I found out that he had a wife and two young children, but no-one else – which was very unusual. Extended families may be a pain in the neck sometimes, but they provide safety nets. Bippin had very little land, very few resources. This job was his lifeline. He sent his children to the government school. He managed.

I was in Australia when I heard the news. Bippin's wife had died in childbirth. In his house. With the local midwife in attendance. He had taken her to the town doctor a couple of weeks before – an expense a lot of husbands can't or won't afford. Everything seemed to be fine. But she bled to death anyway. He had no one to look after his two older children, and no one to feed the newborn. He continued to come to work at the house, only taking a couple of days off for the cremation. His wife was burnt along the little creek running through the property, beside the track. Neighbouring women gave him help with the children and provided milk for the baby. But Bippin was secretly coming unhinged. Worry? Grief? Guilt? Depression?

All mountain peasants like their drink – cheap rot-gut brew that they swig on their way home in the dark. It is tacitly understood that our staff never drink on the property. But Bippin took to drinking surreptitiously while on duty. I knew this but said nothing. I didn't want to get him into trouble with ‘Sahib'.

The drinking got worse. He went on a bender. He stole all the liquor from Sahib's cabinet (a couple of dozen bottles of whisky, vodka and rum) and downed the whole lot in a matter of days. His personality changed. When Sahib rang the house from Delhi, Bippin answered the phone with the Hindi equivalent of ‘Who the hell are you? Bugger off.' Then he hung up.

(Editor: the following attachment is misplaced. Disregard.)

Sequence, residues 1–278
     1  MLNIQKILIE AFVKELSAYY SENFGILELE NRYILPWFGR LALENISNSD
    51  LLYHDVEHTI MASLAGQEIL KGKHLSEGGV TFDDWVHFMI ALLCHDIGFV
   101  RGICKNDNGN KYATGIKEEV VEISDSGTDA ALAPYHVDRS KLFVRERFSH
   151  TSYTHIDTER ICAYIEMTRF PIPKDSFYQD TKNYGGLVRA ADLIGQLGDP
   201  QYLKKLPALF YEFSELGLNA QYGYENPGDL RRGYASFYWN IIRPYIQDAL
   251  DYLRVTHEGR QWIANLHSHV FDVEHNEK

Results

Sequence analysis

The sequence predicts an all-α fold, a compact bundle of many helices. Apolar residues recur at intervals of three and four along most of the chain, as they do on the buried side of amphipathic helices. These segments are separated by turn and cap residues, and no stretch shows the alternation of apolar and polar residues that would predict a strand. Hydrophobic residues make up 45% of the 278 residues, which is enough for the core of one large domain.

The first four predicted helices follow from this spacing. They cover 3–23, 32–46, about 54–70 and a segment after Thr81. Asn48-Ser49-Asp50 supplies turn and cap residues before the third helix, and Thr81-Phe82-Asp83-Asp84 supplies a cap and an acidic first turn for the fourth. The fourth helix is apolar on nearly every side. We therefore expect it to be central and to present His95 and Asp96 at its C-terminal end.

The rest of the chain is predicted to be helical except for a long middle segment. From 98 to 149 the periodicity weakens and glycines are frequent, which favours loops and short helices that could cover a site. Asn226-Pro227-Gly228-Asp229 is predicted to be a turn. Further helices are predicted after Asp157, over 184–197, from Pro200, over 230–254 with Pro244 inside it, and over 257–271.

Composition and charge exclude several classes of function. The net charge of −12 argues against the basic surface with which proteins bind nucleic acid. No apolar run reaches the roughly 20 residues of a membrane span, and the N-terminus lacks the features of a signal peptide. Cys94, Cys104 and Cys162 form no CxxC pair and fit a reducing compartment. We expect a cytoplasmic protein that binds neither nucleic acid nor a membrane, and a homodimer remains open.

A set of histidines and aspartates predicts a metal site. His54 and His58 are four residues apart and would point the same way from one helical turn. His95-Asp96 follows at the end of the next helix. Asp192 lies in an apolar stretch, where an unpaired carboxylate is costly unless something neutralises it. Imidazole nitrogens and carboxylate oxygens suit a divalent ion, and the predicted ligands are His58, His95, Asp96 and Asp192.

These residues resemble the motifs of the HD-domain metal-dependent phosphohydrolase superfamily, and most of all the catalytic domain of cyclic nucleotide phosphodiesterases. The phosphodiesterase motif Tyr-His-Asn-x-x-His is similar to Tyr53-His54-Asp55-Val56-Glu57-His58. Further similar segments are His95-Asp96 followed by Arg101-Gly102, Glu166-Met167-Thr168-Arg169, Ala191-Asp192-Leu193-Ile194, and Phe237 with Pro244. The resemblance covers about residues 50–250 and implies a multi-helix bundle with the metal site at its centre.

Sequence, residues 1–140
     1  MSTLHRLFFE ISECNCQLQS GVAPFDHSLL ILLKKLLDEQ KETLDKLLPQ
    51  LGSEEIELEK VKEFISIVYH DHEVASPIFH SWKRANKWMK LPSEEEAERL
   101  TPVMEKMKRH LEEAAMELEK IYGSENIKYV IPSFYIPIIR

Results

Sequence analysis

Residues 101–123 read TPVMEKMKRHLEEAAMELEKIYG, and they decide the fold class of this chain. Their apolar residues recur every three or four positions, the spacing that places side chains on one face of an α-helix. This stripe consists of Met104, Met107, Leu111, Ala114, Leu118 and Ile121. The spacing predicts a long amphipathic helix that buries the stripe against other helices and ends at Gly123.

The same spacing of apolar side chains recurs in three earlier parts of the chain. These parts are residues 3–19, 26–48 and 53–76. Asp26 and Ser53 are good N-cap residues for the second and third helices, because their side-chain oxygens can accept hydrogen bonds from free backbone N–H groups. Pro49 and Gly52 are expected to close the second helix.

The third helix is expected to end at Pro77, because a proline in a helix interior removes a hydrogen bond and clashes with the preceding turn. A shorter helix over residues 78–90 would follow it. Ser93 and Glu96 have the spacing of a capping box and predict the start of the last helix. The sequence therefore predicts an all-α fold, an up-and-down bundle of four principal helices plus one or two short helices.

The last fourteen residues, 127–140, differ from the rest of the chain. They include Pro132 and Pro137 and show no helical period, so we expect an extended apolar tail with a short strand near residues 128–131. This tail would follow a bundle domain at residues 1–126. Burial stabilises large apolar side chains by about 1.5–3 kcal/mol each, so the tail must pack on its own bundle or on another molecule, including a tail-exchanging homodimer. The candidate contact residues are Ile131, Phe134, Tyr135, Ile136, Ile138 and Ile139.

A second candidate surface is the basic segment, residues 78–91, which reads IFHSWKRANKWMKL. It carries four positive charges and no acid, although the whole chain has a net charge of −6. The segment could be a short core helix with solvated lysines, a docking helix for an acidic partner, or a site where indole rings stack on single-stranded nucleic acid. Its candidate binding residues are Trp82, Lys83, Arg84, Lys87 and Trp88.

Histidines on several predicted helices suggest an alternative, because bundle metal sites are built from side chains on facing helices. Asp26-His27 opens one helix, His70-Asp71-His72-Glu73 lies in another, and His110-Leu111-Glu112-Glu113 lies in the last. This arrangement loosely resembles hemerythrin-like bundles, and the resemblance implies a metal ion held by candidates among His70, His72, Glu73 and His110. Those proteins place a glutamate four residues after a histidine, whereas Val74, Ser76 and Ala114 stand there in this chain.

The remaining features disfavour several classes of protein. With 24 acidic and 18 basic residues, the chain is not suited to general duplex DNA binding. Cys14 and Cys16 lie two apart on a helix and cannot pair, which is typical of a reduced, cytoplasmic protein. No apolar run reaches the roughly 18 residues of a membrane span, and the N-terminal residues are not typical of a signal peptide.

Sahib gave him another chance. He was sent to dry out in Jaipur. He came back and went on another bender. Meanwhile, a second wife had been found for him, to look after his children, but she harangued him night and day. Nevertheless, he fathered another child by her. The other servants took a dim view of this, and began to avoid him.

Sahib took him to task. Bippin dried out again and promised to reform. He didn't. He stole money for grog. He has now lost his job with us. I don't know how he'll survive. He will probably become one of those gutted refugees in the city, struggling to find work, struggling to stay alive, and struggling to send something back to his children. Or perhaps he'll avoid the whole catastrophe by killing himself. Quite a few peasants have been found dangling from trees in the forest. Or perhaps he'll pull himself together, stay off the grog, in which case Sahib will consider taking him back.

BAHADUR CAME TO work for me when he was a boy. About fourteen probably, though he lied about it. So yes, I am guilty of hiring child labour. But then, his household needed the money. His father, a tough old patriarch, said I should ‘train' his son, and that his son had better work hard or there'd be trouble.

I watched Bahadur grow up, from a worm-infested pubescent (I dose all the staff with worming tablets, so the telltale patches of white on their faces disappear and they put on weight) to a gloriously handsome young man, married at eighteen and a father at twenty. He has been able to buy a buffalo with his wages, so that his firstborn will grow up strong on its rich milk.

Bahadur's job is to look after my two dogs. He's a bright boy. It is a scandalous squandering of human ability, an insult to human dignity that his best – possibly only – prospect in life revolves around the wellbeing of two spoilt dogs.